Among the most popular festivals based on the Texas experience are cowboy festivals-events of several days' duration that feature rodeos, barbecue, and fiddle music. In Stamford, the Fourth of July is celebrated with three days of rodeo and reunion, known as the Texas Cowboy Reunion. Many individuals hold family or class reunions at the same time as the Cowboy Reunion.
Festivals often honor the fruits of the land and the experience of living on the land. The Luling Watermelon Thump, a popular festival of this type, lasts several days in July and includes a watermelon auction and coronation of a queen. Likewise, the Poteet Strawberry Festival celebrates its title as the "Strawberry Capital of Texas" with food exhibits, a carnival, a parade, country and Tejano music, and other events each April. In deep East Texas the town of Winnsboro holds an October festival called Autumn Trails that includes trail rides, gospel singing, and evening dances.
Audiences who attend large so-called folk festivals are frequently unfamiliar with the traditions displayed or have consciously learned the music or acquainted themselves with the food of another culture. Among the most popular of the contemporary festivals is the Kerrville Folk Festival, where visitors can hear country, folk, bluegrass, and gospel music. Amateur banjo players, guitar pickers, and fiddlers are judged in competition at the Bluegrass Festival, and the winners are offered the opportunity to perform the following year. Every year the University of Texas Institute of Texan Cultures in San Antonio hosts the Texas Folklife Festival, which celebrates the many ethnic groups of Texas. Visitors can try ethnic foods such as Cajun boudin, Wendish noodles, Lebanese shish kebab, or Polish pierogi. Costumed musicians and dancers perform tunes and steps from Lebanon, Germany, and other nations. Other traditions demonstrated at the festival reflect pioneer life, and under a large shade tree yarn spinners captivate audiences. In the fall the Chamizal National Memorial in El Paso hosts the Border Folk Festival. Sponsored by the National Park Service, the National Council for the Traditional Arts, and the El Paso Friends of Folk Music, the festival specializes in music and dance of folk traditions around the world and presents performances on three stages.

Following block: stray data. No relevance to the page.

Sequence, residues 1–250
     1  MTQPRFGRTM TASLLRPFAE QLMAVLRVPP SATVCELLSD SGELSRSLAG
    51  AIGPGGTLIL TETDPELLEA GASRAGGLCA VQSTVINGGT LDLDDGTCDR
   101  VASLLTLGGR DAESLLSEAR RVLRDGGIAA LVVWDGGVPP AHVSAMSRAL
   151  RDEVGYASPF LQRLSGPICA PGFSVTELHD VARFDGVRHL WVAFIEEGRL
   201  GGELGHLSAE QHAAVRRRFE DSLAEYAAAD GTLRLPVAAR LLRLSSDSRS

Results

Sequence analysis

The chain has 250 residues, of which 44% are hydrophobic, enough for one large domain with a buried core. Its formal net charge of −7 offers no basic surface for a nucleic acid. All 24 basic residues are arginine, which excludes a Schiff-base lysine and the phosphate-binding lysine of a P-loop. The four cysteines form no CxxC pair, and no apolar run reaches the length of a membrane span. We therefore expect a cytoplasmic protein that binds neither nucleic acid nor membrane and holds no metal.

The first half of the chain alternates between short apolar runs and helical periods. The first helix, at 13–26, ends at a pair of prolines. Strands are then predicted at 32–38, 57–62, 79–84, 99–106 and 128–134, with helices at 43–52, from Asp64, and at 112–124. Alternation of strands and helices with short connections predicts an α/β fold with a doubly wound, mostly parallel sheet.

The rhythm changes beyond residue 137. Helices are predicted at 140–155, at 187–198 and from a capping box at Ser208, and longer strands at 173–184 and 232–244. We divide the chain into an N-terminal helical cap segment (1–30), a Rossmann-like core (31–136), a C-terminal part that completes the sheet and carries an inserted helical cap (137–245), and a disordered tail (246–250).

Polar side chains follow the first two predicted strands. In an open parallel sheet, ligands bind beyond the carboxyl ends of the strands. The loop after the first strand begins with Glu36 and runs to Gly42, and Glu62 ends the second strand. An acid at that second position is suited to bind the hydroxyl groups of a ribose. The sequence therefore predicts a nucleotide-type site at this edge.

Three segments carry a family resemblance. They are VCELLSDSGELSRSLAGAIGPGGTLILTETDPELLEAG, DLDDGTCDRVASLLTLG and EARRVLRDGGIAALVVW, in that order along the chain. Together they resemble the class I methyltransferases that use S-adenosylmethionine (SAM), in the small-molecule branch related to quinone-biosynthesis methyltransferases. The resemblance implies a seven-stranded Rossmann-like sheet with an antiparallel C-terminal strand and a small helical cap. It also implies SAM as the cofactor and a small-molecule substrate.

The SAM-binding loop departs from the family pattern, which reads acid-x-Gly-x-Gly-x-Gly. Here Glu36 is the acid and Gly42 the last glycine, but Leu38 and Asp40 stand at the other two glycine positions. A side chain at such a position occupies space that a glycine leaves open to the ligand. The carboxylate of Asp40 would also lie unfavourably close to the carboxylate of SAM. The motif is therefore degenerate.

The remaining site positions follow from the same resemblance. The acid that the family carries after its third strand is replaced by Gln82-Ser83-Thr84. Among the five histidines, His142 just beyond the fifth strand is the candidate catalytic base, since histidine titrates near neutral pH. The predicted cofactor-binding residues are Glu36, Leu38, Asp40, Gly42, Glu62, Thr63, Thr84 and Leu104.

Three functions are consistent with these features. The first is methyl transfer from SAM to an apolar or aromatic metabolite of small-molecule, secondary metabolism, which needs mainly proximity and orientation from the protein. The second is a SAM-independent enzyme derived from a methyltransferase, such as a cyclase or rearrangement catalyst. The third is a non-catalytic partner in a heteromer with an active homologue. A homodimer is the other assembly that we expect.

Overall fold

Richard Bauman and Roger D. Abrahams, eds., "And Other Neighborly Names": Social Process and Cultural Image in Texas Folklore (Austin: University of Texas Press, 1981). J. Frank Dobie, ed., Coffee in the Gourd, Publications of the Texas Folklore Society 2 (Dallas: Southern Methodist University, 1923). Richard Dorson, ed., Handbook of American Folklore (Bloomington: Indiana University Press, 1982). Victor Turner, ed., Celebration (Washington: Smithsonian Institution, 1982).
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The following, adapted from the Chicago Manual of Style, 15th edition, is the preferred citation for this article.Handbook of Texas Online, Beverly J. Stoeltje, "Folk Festivals," accessed January 24, 2017, http://www.tshaonline.org/handbook/online/articles/lkf05.
Uploaded on June 12, 2010. Modified on May 10, 2012. Published by the Texas State Historical Association.